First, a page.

The first thing about a probability distribution that we must forego is choosing a sample from that distribution. We will retain weaker operations, however.

Warning I took a beautiful course in probability theory based on Lebesgue measure. I will try to explain anything that comes from that direction. That will tell some where I am going. (Clue: A Borel set is measurable, but what is important is that the intersection of a Borel set with any interval is measurable.)

This note describes some ways to choose points in a space too big to fit the classic definitions of a probability distribution where the measure of some total space is 1. Perhaps the section on Brownian functions should come here too.

Suppose we want to describe a set of points on the infinite plane ℝ^{2}.
We want the points to have some density ρ.
We want the density to be asymptotically uniform.
To get this we divide the plane into unit squares and deliver results incrementally.
When asked for points from our sample from some bounded region, we consider the smallest set of squares that cover that region and if there are any new squares we have not considered, we choose a count of how many points to put in that square from the Poisson distribution.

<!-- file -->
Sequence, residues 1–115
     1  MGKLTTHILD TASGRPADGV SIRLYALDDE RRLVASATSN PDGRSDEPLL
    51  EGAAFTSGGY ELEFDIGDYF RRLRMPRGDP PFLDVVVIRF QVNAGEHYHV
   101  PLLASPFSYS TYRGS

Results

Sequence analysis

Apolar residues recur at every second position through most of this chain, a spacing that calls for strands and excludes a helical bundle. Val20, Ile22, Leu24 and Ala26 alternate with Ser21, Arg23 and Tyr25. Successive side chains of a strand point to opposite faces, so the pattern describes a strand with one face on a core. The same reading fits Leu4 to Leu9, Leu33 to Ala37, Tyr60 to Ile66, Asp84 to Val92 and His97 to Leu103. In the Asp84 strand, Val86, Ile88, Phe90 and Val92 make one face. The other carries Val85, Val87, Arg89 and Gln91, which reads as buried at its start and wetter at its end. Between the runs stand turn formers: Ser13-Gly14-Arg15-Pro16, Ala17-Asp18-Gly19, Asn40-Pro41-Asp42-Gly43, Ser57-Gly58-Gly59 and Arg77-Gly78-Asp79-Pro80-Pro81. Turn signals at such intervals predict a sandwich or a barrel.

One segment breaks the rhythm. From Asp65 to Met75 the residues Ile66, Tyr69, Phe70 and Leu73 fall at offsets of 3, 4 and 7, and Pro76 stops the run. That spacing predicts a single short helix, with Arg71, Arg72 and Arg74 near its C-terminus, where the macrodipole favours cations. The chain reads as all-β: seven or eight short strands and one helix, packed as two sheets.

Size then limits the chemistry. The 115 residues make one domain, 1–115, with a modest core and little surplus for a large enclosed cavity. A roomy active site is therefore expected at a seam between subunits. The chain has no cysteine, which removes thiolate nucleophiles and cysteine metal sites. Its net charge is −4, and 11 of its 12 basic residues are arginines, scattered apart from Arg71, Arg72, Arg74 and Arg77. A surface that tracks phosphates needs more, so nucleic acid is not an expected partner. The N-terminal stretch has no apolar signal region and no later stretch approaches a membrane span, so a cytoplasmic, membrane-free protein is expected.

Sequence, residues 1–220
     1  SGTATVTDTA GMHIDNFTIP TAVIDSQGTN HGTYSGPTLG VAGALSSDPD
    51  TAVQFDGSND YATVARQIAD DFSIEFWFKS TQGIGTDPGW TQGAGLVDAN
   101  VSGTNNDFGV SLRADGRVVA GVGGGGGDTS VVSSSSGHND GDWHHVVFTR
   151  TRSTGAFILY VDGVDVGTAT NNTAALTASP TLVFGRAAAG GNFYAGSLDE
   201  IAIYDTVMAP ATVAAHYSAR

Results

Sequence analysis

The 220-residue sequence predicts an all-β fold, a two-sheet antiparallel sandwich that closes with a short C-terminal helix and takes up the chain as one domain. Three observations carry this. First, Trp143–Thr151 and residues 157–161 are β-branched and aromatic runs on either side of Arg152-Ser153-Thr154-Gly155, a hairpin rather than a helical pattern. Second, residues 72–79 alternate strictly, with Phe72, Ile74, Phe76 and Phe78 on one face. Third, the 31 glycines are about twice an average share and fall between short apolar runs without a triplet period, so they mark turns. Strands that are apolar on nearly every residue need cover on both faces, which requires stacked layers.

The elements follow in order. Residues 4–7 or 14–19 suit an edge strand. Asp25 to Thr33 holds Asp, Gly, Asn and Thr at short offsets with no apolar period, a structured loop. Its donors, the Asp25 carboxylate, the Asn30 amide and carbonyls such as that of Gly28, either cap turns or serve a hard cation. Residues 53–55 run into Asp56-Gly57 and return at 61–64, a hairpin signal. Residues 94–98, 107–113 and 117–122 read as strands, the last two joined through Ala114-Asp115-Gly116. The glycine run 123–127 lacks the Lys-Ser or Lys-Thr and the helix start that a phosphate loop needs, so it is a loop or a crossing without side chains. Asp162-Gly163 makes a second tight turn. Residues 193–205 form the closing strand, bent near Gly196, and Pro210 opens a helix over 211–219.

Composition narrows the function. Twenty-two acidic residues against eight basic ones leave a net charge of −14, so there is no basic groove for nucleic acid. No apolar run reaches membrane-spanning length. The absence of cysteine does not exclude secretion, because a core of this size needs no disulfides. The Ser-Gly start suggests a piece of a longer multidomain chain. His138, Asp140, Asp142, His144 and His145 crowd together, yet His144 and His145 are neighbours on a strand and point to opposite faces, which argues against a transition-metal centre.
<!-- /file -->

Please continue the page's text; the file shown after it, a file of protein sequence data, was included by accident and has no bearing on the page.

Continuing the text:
We then choose that many points uniformly within that square and can now give that response.

One of the methods that Bertrand gave for choosing a random chord had the pregnant property that if chords were chosen from a larger encompassing circle by that method, then those chords which intersected the small circle would supply chords to the small circle as it they had been chosen by that method. The circles need not be concentric. That suggests an infinite background of lines throughout the plane rather like a distribution with some sort of constant uniform PDF. But there are no such probability distributions. We posit a hyper distribution.

A rather more complicated example was considered by Levy as he created the notion of an n dimensional Brownian function. In nD he …